Study establishes structure-function-cognition associations across the lifespan

MRI of brains

New research from the Center for Vital Longevity demonstrates that aging affects both the white matter connections between brain regions and brain activity. And importantly, that age-related reductions in these structural and functional aspects of the brain have negative cognitive consequences.

The findings, published in the March 30, 2020, issue of the journal Cerebral Cortex, suggest that reductions in the ability to regulate brain activity in response to increasing cognitive challenge negatively affect our cognitive performance. The findings also suggest that this is partly a result of age-related disruption to the white matter connections between gray matter regions.

“This appears to be a process that occurs even in healthy aging, highlighting the need to determine factors that help sustain both structural and functional brain health.”

Dr. Christina Webb, lead author of the research and a post-doctoral scientist at the CVL

The research was conducted as part of a large study supported by grants from the National Institutes of Health to Dr. Kristen Kennedy, and Dr. Karen Rodrigue, Associate Professors of Behavioral and Brain Sciences at The University of Texas at Dallas’ Center for Vital Longevity.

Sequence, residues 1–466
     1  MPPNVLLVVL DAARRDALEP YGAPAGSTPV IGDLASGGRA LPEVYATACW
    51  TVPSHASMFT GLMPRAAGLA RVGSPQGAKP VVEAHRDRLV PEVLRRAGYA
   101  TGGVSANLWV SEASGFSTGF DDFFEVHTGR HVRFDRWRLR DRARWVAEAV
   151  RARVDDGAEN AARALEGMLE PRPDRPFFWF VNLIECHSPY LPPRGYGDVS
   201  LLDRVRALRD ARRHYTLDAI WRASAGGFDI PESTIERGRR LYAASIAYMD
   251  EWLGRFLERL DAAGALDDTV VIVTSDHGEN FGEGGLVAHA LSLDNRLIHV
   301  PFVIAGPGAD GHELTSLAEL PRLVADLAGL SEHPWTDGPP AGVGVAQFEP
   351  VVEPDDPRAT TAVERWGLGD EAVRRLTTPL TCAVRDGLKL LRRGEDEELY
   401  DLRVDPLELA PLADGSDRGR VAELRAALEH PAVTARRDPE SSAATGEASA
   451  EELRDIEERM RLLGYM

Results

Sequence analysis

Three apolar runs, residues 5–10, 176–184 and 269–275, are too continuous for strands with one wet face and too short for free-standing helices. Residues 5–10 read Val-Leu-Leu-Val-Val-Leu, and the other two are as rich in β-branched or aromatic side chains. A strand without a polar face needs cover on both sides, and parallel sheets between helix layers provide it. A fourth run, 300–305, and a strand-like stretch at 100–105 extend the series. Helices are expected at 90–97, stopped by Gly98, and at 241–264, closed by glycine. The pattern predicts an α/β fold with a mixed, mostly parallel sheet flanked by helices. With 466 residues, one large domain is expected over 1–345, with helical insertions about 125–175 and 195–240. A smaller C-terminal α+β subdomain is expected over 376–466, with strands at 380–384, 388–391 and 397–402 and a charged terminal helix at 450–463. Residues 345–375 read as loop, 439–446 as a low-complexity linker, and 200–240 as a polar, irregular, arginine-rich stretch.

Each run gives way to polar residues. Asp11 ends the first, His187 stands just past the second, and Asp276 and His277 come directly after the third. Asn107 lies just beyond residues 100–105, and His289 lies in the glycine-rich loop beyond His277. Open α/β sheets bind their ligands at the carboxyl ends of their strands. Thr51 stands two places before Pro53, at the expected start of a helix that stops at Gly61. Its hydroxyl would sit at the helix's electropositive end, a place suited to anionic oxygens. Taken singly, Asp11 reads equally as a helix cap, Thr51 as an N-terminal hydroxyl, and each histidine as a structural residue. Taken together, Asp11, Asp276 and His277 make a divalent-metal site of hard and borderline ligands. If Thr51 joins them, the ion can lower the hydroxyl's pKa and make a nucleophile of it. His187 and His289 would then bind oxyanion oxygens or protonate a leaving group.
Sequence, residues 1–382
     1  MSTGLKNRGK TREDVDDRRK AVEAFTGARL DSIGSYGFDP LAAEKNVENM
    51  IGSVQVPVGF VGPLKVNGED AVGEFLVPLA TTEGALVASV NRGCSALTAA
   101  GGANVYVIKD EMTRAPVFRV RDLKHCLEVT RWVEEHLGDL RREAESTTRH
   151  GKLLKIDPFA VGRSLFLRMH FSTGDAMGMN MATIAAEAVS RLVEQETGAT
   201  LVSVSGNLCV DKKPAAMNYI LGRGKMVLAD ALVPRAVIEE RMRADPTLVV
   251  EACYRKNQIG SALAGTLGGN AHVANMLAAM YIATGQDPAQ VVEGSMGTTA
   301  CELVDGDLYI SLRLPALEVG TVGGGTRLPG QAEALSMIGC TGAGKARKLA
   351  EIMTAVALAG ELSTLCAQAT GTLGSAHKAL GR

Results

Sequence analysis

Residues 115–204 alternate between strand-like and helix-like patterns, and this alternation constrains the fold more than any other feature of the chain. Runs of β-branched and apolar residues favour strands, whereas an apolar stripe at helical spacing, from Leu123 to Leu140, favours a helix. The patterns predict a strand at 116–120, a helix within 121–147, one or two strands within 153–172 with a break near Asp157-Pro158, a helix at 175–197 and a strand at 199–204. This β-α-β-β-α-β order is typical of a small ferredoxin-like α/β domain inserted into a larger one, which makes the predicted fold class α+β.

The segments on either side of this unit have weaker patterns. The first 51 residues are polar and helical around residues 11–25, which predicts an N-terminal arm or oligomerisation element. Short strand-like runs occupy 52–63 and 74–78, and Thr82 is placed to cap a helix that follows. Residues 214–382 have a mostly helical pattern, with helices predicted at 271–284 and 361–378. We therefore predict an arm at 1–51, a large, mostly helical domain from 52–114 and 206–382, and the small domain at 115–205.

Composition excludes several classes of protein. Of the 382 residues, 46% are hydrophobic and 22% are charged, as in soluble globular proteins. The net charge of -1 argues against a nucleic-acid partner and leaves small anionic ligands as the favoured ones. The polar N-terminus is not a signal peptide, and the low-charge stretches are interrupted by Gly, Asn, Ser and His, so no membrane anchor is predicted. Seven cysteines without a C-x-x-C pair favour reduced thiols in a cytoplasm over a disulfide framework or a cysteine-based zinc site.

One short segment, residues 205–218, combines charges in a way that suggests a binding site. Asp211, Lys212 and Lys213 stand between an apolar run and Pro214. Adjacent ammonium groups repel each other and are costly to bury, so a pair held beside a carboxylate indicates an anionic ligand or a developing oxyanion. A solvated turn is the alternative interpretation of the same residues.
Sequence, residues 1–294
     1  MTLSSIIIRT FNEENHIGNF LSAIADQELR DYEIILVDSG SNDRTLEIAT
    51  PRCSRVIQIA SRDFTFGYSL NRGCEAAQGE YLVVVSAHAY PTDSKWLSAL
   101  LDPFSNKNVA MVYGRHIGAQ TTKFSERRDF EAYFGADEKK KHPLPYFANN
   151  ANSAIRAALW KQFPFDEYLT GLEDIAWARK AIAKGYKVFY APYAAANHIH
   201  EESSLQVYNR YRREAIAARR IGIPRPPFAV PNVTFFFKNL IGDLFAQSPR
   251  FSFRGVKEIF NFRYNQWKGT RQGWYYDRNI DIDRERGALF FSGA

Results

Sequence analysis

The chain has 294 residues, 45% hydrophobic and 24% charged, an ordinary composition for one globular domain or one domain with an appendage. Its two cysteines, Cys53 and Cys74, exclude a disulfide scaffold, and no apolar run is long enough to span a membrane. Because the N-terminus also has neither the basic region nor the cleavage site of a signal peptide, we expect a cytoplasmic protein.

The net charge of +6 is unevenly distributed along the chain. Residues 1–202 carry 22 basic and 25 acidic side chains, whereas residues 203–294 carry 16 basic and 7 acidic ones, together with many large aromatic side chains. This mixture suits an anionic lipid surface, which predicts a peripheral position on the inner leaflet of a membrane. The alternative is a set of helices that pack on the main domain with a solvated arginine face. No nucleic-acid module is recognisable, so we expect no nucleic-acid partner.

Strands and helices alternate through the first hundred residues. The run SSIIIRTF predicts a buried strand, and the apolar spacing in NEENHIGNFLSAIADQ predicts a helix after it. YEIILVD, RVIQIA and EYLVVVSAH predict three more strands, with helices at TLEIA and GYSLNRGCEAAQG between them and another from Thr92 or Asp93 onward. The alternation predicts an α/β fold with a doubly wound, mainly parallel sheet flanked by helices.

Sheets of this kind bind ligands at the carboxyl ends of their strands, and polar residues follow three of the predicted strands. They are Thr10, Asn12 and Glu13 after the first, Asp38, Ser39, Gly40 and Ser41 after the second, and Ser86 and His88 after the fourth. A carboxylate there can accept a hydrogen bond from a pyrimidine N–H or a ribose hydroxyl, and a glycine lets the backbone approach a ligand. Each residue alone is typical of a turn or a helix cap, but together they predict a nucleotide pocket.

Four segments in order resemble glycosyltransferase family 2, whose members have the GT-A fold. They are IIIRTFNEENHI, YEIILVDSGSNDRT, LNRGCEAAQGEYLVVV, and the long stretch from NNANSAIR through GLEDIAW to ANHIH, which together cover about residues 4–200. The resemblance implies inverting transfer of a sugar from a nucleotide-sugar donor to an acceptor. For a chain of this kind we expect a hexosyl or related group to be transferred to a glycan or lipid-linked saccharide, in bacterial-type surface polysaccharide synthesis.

Structural equation modeling – a technique designed to test these associations – was used to test how these aspects of the brain and its performance were related. Participants (171 healthy adults ages 20-94) underwent magnetic resonance imaging (MRI) scanning including diffusion-weighted imaging (for tracking white matter connections) and functional imaging (to detect brain activity during performance of a task).

The model demonstrated that older age negatively affects task accuracy and other cognitive abilities more generally, in part due to both degraded white matter tract microstructure and reduced sensitivity of brain activity to task difficulty.

This structure-function association study provides further evidence that maintenance of our white matter connections as we age beneficially influences brain function, and the two mechanisms in tandem predict our cognitive performance as we age.

“These findings are important because traditionally these three aspects are studied separately (connectivity, functional activity, cognition), but only their combined study can help unravel their associations,” says Kennedy.

In addition to Kennedy, Rodrigue, and Webb, other authors of the paper from the CVL include Dr. Chris Foster, post-doctoral scientist, and David Hoagey, doctoral student.